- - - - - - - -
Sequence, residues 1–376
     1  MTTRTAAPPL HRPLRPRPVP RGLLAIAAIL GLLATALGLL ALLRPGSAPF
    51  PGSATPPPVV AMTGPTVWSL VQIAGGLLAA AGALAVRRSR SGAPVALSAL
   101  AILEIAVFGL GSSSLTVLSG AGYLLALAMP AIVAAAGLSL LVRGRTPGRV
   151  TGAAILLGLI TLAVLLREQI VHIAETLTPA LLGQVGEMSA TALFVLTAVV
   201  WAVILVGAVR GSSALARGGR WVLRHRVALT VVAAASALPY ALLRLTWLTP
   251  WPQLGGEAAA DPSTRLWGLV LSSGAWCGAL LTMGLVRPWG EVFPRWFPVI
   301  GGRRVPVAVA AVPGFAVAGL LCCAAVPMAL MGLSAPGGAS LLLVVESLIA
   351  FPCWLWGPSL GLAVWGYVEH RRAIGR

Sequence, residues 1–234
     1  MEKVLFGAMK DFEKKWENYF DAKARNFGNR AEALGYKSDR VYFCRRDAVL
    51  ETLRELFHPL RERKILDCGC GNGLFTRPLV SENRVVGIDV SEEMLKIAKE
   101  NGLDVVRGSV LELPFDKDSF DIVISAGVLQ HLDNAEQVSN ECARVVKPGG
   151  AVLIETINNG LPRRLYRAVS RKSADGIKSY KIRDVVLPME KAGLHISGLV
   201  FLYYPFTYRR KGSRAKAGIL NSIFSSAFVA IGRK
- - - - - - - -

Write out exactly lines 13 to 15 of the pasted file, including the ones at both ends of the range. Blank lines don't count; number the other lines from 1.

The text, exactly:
   101  NGLDVVRGSV LELPFDKDSF DIVISAGVLQ HLDNAEQVSN ECARVVKPGG
   151  AVLIETINNG LPRRLYRAVS RKSADGIKSY KIRDVVLPME KAGLHISGLV
   201  FLYYPFTYRR KGSRAKAGIL NSIFSSAFVA IGRK